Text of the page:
To make that business successful, Ableson said, requires the ability to engineer autonomous systems, to build self-driving vehicles in volume and to deploy them in a ride-sharing fleet.

"If you take those three things, no one company has all three," Ableson said.

GM in early 2016 acquired Cruise Automation, a San Francisco startup, to help it accelerate development of self-driving cars. GM also launched a car sharing business, Maven, which has provided vehicles to Lyft.

"Cruise, Lyft, Maven are all bringing different parts of this singular solution around autonomous on-demand networks in urban environments," Ableson said. 

Should I Trade my Old Car In or Sell it Privately?

A car dealership will accept any car in any condition. They don't care about dents, dings, rust, rips or stains in the upholstery. Even if the car doesn't run, you can have it towed in as a trade. You obviously won't get top dollar for the car, but you will rid yourself of the vehicle and all of its headaches. Plus, trading a car in to the dealer is simple. In total, it takes all of 5 minutes and you can do it on your schedule any day you'd like. There is no investment of time or money, and after a few simple signatures the dealership takes care of all the paperwork.

On the other hand, selling the car yourself will put more money in your pocket. However, most private party buyers will examine the car top to bottom, inside and out. They will question the service history,accident history, the tear on the seat, and the wear on the tires. If your car cannot withstand the scrutiny (or you don't have the disposition or time to handle the task), it may be wise to trade your car in.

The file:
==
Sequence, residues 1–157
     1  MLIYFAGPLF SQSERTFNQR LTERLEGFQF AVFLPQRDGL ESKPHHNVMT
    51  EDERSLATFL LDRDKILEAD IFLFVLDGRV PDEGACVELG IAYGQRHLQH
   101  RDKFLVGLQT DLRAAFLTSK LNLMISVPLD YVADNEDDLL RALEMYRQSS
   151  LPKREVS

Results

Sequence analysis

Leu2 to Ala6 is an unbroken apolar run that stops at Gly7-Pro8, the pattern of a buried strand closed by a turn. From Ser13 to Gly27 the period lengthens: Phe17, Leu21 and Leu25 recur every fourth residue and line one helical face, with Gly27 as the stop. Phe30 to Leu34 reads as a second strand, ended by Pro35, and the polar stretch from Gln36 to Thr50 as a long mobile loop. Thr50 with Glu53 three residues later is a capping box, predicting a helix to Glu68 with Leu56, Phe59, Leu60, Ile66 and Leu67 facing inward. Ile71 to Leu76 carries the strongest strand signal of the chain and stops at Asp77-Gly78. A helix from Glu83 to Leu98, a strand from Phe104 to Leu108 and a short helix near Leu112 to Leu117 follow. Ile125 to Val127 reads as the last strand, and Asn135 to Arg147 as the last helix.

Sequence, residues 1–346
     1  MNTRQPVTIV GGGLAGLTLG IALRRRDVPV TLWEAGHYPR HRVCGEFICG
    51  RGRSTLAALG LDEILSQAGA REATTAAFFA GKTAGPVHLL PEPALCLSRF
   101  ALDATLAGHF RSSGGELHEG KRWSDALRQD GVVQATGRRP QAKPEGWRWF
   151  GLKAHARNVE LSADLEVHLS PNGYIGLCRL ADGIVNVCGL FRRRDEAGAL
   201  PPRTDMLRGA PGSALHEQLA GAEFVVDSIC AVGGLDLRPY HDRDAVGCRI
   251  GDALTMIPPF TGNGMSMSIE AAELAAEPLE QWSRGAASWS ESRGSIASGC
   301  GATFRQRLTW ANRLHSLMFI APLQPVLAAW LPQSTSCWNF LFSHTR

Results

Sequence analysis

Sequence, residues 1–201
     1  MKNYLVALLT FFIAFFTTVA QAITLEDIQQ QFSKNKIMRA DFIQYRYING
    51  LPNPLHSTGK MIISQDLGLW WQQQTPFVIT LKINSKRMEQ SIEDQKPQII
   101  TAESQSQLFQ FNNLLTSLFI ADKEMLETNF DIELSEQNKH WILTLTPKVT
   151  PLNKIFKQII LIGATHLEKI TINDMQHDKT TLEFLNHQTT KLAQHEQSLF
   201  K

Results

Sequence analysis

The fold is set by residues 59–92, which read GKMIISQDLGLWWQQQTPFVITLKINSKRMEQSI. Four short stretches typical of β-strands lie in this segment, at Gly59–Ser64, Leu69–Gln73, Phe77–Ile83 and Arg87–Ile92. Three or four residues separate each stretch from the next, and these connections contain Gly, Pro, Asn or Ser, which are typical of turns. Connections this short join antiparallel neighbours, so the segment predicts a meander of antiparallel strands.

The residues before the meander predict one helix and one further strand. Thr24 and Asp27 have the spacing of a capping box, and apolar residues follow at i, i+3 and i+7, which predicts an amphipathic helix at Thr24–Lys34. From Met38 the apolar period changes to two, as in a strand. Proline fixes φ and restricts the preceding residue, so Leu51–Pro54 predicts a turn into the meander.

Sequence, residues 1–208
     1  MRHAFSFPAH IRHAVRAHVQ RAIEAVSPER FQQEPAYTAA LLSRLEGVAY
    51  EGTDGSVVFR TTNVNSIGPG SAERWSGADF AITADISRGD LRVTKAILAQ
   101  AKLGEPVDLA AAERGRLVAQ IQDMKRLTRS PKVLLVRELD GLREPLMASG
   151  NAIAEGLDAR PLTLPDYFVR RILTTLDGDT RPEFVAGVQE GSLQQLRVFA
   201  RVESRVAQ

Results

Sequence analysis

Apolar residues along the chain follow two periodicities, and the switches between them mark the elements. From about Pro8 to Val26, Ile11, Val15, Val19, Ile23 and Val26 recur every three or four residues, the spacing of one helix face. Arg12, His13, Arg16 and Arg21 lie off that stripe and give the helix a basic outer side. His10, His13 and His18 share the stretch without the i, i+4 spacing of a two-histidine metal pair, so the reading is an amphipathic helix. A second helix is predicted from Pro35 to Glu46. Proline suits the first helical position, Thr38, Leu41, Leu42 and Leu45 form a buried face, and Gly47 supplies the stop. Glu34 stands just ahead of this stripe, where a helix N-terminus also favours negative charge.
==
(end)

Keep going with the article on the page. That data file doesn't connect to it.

DALLAS -- The twin turbo 3.5-liter V6 engine in the second generation of Ford's over-the-top off-road performance truck, the F-150 Raptor, generates 450 horsepower and 510 pounds-feet of torque, Ford said today at the State Fair of Texas.

Those outputs make it the most powerful V6 engine available in a pickup.

Ford also says the new Raptor, which has an aluminum body riding on a new and stiffer frame, is EPA-rated at 15 mpg city, 18 highway and 16 combined -- a 23 percent improvement of the 2014, V-8 powered model.

There was no Raptor offered in the 2015 and 2016 model years as Ford retooled and launched the new generation of the F-150, on which the Raptor is based.

The Raptor is the first Ford product to use a new 10-speed automatic transmission, jointly developed with General Motors.

GM is using a version of the 10-speed transmission in its Camaro ZL1, track ready sports coupe.

Raptor goes on sale in December with a starting price of $49,520 including shipping.